ON THE NATURE OF FRIENDSHIP
THE THIRD LOVE, CALLED FRIENDSHIP OR COMPANIONSHIP, consists of wanting permissible and honest things from one another, just as Cicero tells us in his book “On Friendship.” Such friendship has its foundation in a righteous and charitable unification of the aims of life when two persons enjoy talking and living and being one with the other. Such a love comes from three sources. The first is when a man only desires and hopes to obtain some advantage from his friend. Such a friendship , or love, is a false love and can not justly be called friendship or love, but rather a mercenary striving for gain, as is well expressed by Cicero in his book “On the Nature of God.”
The second is when a man wishes well for his friend without thinking of his own welfare. And this is perfect love.
The third is when one wants to share with the other, and this is good friendship and good love. The test of this true and good love lies in three main things. The first is to love one’s friend with a pure heart and to do what one thinks will bring him pleasure. The second is to avoid doing what one thinks will displease him or will be detrimental to him. Friends are made and kept three ways. First, by honoring them in their presence. Second, by saying good of them in their absence. Third, by serving them in their needs. On this subject Solomon says: “Nothing can be compared to a faithful friend.” Ovid says: “You will find many friends in prosperity. But in adversity you will find yourself alone.” Four things are better old than new: wine, fish, oil, but above all an old friend.
Aristotle says: “The older the ree the more it needs support.” And similarly, the older the man the more need he has of a friend, for there can be no good when one is alone. In the opinion of certain moral philosophers happiness is nothing but love and friendship for others. This is true if we speak of the moral happiness in this life and do not refer to the eternal happiness which is naught except God. This is what Cicero wanted to say in his book “On Friendship” when he quoted the saying of that great master Archita of Tarentino who said that if a man were to go to heaven and were to behold the beauty of the sun and of the moon and of the stars and all the other beauties of heaven and of earth and of the whole universe, and then were to return to earth—all this joy would be nothing for him unless he had someone to whom he could relate it and with whom he could discuss it as though with himself. It would even be a bitter grief for him. Plato and Seneca both say: “Before loving someone, test him. And having tested him, love him with good heart.” And note also: a good man is corrupted by bad company, while a bad man becomes righteous in good company and rids himself of his infamy by keeping company with one better than himself.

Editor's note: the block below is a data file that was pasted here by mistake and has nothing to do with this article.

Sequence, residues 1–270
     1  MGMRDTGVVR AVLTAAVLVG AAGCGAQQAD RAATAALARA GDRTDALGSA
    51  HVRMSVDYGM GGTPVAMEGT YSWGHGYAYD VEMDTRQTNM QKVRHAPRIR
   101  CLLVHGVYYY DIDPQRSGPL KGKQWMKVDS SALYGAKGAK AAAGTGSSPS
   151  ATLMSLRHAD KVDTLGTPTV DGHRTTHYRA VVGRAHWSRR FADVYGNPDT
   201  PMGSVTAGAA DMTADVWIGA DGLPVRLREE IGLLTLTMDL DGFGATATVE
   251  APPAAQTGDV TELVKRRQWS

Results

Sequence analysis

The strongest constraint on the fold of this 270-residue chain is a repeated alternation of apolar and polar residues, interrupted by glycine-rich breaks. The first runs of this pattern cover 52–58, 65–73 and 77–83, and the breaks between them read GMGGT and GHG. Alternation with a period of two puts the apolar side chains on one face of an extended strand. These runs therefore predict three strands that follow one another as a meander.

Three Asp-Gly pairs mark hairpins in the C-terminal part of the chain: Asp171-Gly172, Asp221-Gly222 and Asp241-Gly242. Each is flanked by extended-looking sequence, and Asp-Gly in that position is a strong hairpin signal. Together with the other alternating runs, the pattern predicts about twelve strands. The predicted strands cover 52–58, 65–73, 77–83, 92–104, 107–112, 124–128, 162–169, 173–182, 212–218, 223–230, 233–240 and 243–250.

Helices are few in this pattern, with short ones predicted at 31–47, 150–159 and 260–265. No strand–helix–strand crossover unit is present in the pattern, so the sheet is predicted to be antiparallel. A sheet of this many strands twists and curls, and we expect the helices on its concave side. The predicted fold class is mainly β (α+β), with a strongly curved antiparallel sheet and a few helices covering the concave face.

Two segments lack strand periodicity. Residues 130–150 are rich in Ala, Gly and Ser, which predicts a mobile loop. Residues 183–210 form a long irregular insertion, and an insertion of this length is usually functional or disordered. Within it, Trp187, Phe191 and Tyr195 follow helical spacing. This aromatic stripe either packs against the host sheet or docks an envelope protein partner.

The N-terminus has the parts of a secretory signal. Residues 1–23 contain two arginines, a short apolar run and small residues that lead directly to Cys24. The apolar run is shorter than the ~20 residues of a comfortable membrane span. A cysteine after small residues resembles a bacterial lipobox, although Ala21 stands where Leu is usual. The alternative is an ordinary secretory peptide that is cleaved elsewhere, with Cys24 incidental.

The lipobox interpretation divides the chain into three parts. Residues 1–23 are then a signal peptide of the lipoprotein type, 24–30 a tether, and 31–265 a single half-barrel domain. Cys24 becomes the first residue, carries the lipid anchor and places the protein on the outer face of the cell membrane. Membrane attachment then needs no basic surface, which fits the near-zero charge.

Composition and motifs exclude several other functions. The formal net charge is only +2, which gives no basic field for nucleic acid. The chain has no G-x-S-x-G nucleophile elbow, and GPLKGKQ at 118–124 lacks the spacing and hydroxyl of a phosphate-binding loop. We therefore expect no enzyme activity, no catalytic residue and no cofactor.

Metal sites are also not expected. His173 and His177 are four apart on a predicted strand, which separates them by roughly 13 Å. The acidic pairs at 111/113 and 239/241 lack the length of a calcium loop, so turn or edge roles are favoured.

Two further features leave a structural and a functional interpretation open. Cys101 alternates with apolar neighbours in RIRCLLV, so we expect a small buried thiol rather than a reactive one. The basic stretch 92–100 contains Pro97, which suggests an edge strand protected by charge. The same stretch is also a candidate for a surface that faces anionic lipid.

He loved me well;
so well he could but die
To show he loved me better
than his life; he lost it
for me. —JOHN DRYDEN
There are few subjects which have been more written upon, and less understood, than that of friendship. To follow the dictates of some, this virtue, instead of being the assuager of pain, becomes the source of every inconvenience. Such speculatists, by expecting too much from friendship, dissolve the connection, and by drawing the bands too closely, at length break them. —OLIVER GOLDSMITH
Church of the Science of God
La Jolla, California 92038-3131
© Church of the Science of GOD, 1993